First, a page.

Interpersonal Incomparability in Citizens’ Views of Democracy: Survey Evidence from Ukraine

50 Pages Posted: 23 Dec 2017

See all articles by Aaron Erlich

Aaron Erlich

McGill University

Calvin Garner

University of Washington

Date Written: December 21, 2017

Abstract

Do regional differences within a single country influence how survey respondents use response scales when evaluating concepts like democracy? Further, what determines how respondents will assess the level of democracy associated with a given government? We test two sets of hypotheses to answer these questions. First, we hypothesize differential item function exists within Ukraine and can be corrected for by using anchoring vignettes. Second, we hypothesize that evaluation of democracy will be correlated with political support for the president. We find support for both hypotheses using a nationally representative survey of Ukraine. Additionally, an analysis of the responses to the vignettes suggests that many Ukrainians view democracy as more binary in nature than on a nuanced sliding scale. Finally, we make recommendations for researchers to deploy anchoring vignettes in sub-national survey research.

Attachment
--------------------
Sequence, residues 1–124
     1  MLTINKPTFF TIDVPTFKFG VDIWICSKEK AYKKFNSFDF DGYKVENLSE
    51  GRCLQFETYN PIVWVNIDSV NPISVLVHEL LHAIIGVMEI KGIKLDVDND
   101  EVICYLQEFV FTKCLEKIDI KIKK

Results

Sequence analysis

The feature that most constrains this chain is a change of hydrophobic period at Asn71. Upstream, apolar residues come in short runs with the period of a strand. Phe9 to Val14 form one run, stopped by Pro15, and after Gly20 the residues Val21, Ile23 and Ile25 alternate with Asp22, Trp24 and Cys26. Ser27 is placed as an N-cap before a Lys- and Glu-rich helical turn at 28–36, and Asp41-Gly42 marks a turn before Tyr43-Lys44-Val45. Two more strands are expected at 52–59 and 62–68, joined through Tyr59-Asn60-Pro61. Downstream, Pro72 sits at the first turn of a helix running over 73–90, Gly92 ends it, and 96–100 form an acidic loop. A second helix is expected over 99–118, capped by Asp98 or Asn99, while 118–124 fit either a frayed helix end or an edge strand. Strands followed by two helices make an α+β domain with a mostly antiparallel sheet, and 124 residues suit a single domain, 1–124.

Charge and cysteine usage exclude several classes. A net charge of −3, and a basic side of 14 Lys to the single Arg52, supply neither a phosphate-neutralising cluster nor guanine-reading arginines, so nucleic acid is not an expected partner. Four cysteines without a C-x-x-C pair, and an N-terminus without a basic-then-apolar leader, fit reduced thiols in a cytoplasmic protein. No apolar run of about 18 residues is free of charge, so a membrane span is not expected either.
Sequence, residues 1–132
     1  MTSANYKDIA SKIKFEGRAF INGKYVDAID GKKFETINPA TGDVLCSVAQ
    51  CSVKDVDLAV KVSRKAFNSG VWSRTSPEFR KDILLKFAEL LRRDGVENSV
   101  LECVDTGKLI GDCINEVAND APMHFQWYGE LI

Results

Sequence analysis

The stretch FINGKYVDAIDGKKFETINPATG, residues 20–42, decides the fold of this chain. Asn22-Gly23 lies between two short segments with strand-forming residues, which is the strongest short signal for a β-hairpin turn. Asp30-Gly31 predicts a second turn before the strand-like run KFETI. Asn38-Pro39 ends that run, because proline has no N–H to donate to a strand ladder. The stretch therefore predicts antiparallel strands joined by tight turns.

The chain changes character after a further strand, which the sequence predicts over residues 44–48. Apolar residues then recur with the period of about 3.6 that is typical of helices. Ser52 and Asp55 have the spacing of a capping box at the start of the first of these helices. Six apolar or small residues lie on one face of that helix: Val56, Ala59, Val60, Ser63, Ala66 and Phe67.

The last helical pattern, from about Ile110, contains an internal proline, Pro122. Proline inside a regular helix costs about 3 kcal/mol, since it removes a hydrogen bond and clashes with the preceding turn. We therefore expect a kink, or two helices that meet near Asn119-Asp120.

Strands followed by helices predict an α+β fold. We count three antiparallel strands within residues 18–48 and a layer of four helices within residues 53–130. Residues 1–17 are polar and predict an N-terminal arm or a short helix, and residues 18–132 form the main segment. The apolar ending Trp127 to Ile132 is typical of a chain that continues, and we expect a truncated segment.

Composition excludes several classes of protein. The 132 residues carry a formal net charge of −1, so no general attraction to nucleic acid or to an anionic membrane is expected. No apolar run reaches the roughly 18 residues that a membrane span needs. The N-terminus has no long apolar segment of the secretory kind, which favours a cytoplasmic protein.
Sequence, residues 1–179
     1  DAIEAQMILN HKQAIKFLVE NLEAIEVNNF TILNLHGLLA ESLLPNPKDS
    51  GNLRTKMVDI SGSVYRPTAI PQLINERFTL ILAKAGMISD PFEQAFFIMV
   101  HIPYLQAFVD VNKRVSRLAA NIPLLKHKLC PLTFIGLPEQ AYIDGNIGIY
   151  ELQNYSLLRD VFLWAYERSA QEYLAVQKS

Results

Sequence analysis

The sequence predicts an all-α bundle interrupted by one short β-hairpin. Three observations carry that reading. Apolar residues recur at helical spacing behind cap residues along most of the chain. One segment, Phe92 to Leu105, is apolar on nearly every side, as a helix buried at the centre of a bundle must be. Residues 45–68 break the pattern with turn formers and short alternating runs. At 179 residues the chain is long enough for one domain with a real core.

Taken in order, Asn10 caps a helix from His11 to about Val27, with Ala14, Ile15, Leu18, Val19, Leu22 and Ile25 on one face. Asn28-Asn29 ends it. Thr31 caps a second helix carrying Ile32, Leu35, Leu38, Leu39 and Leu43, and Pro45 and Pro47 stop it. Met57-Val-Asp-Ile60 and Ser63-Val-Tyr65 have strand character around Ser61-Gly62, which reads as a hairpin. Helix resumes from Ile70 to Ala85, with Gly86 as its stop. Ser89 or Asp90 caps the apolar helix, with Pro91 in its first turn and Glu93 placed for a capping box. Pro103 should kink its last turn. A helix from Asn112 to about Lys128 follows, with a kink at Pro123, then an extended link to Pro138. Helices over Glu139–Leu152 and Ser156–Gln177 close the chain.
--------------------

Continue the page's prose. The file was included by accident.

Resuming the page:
Keywords: Anchoring Vignettes, Democratization, Survey Methodology, Ukraine

JEL Classification: D72, C83

Suggested Citation

Erlich, Aaron and Garner, Calvin, Interpersonal Incomparability in Citizens’ Views of Democracy: Survey Evidence from Ukraine (December 21, 2017). Available at SSRN: https://ssrn.com/abstract=3091719 or http://dx.doi.org/10.2139/ssrn.3091719

Aaron Erlich (Contact Author)

McGill University ( email )

Calvin Garner

University of Washington ( email )

101 Gowen Hall
Box 353530
Seattle, WA 98195
United States

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